The Chemistry Of Vat Dyesby Diane Epp
Look around you-color is everywhere. The clothes we wear, the food we eat, the posters with which we decorate our rooms; indeed all of our surroundings, natural and man-made, abound with color. From prehistoric times people have been fascinated with color; from cave paintings to the latest computers, color has been our constant companion. The Palette of Color monograph series enables high school chemistry teachers to challenge students to explore the chemistry behind dyes. Each monograph examines a different class of dyes and investigates the chemistry using principles common to most high school chemistry curricula. Hands-on, problem-solving activities involve students in answering questions posed about the dyes and their uses.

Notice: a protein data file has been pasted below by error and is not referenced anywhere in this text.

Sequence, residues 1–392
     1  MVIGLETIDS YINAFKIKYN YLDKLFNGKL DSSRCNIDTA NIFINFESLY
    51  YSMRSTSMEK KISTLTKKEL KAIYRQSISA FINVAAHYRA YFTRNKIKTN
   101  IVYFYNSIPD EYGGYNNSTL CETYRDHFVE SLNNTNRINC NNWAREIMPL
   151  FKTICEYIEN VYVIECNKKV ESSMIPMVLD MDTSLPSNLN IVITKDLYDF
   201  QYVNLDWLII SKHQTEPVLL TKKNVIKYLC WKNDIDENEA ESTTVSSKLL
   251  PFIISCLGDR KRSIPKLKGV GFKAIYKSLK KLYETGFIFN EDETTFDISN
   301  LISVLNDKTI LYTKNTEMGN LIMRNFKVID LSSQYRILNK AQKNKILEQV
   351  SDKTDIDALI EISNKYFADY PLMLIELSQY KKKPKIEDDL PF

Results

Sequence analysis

Indigo and inkodyes are used to illustrate how vat dyes are synthesized and used. Until the end of the 19th century, all colors were obtained from natural sources, but today the number of synthetic colorants exceeds 7,000. One class of these colorants, the vat dyes, contains not only the oldest natural dyes known, but also many important synthetic dyes. This class of dyes is studied in this monograph.
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